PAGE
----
Author: By Jack Doyle, Press Association
Judge Ian Trigger complained that “hundreds and hundreds of thousands” of
illegal immigrants were abusing the benefits system.
The Lord Chief Justice, Lord Judge, has referred the outburst to the Office of
Judicial Complaints, to rule on whether it was too political.
A spokesman for the Office for Judicial Complaints said: “The Lord Chief
Justice has decided to refer His Honour Judge Trigger to the Office for
Judicial Complaints, following comments the judge made in open court in the
sentencing of Lucien McClealey at Liverpool Crown Court on July 28 2009.
“The referral is not related to the judge’s comments on the specific case or
the sentence passed.
“The OJC has been asked to focus on the propriety of the judge’s statements
and assertions, and whether they went beyond the facts of the case and
extended overtly into the political arena.”
Judge Trigger made his comments as he sentenced a Jamaican man, Lucien
McClearley, for two years for drugs offences at Liverpool Crown Court last
The 31-year-old was arrested by police who found bags of cannabis in his car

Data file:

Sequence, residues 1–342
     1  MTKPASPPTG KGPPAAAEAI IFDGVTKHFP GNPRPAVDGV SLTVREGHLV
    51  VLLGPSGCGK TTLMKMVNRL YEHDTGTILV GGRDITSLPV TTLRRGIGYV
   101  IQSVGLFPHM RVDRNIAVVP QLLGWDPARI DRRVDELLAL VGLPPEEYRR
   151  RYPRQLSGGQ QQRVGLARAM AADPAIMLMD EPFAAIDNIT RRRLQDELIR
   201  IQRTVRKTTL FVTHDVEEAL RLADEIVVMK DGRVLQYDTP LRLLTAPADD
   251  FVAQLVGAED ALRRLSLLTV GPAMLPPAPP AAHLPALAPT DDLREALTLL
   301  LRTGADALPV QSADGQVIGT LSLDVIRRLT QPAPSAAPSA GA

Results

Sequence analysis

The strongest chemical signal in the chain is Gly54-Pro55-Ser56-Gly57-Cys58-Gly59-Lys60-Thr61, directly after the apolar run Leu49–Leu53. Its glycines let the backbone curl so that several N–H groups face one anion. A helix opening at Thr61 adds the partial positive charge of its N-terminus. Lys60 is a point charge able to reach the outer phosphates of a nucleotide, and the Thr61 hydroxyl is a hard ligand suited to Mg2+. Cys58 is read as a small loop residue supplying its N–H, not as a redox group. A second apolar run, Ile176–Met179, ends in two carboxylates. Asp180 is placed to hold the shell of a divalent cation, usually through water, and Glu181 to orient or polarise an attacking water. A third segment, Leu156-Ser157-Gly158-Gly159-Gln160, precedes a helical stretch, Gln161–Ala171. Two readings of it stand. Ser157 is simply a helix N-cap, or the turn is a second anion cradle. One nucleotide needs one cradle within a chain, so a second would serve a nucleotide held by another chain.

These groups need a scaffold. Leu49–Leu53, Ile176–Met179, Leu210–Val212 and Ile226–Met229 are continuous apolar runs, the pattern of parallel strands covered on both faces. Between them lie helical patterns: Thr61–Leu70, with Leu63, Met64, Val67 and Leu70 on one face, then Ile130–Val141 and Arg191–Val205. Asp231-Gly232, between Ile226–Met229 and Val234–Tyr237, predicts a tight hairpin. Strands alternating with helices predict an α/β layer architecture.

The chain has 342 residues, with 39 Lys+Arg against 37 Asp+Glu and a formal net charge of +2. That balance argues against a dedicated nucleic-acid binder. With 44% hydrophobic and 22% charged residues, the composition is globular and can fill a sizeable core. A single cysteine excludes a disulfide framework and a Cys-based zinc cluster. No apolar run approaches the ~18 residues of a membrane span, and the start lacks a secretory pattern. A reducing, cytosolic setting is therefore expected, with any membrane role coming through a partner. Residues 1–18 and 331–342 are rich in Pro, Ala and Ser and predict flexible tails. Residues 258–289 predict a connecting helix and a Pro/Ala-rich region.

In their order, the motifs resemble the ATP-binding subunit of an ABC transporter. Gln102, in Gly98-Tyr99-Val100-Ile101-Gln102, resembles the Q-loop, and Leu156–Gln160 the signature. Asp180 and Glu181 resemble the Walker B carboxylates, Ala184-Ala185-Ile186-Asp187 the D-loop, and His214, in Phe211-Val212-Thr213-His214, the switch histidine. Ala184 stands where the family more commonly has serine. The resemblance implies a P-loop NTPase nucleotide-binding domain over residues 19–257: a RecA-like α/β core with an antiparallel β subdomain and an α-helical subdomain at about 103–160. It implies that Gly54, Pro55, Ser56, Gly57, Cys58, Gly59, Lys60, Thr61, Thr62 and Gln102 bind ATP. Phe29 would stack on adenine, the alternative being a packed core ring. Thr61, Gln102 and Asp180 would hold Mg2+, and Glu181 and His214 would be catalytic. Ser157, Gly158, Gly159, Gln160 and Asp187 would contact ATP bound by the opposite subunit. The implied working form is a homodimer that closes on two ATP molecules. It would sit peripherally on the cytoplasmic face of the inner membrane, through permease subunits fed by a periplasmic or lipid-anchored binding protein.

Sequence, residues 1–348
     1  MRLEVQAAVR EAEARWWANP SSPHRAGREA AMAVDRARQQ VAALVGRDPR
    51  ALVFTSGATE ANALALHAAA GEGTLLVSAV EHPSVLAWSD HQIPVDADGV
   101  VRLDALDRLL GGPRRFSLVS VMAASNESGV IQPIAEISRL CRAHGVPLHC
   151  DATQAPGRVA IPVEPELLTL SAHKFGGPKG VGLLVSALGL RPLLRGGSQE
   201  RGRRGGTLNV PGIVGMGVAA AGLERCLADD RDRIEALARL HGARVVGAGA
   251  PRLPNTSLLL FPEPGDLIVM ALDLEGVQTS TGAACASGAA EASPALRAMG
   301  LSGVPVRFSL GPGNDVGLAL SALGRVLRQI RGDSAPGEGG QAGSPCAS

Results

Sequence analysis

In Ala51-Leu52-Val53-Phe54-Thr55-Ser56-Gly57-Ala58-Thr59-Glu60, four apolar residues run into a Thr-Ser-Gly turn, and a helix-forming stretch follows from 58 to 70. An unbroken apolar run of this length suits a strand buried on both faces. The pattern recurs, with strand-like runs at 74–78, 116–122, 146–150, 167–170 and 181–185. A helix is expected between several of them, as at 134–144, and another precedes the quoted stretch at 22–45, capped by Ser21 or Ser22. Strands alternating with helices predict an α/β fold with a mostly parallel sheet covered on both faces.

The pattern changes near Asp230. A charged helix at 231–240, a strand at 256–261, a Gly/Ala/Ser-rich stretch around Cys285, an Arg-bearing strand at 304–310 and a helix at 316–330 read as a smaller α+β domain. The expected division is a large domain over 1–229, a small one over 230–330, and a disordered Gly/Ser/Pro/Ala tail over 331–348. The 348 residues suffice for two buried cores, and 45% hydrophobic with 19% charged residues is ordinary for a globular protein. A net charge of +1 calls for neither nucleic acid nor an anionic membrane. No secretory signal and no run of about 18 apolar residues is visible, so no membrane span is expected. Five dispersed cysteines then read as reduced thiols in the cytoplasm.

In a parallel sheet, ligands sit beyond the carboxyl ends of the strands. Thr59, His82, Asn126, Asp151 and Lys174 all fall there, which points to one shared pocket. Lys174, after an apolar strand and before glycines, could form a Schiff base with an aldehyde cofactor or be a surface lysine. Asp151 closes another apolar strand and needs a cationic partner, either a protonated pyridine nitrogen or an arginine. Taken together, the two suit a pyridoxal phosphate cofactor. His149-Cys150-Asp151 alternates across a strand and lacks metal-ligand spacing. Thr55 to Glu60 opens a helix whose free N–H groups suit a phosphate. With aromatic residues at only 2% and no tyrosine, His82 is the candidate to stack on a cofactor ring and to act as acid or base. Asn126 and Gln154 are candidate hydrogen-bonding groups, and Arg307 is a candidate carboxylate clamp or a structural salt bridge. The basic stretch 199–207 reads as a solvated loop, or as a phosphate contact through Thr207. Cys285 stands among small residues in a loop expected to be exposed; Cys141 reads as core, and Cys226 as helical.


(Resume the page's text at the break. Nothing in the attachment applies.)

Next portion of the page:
in Liverpool on February 15 and cannabis worth £7,200 at his home.
Judge Trigger said: “Your case illustrates all too clearly the completely lax
immigration policy that exists … in this country.
“People like you, and there are literally hundreds and hundreds of thousands
of people like you, come to these shores from foreign countries to avail
themselves of the generous welfare benefits that exist here.
“In the past 10 years the national debt of this country has risen to
extraordinary heights, largely because central government has wasted
billions and billions of pounds. Much of that has been wasted on welfare
“For every £1 that the decent citizen, who is hard-working, pays in taxes in
this country, nearly 10% goes on servicing that national debt. That is twice
the amount it was in 1997 when this government came to power.”
The final decision on whether the judge stepped out of line will be made
jointly by Lord Judge and the Lord Chancellor, Jack Straw.
If the complaint is upheld, sanctions available range from guidance to
reprimand or even dismissal.
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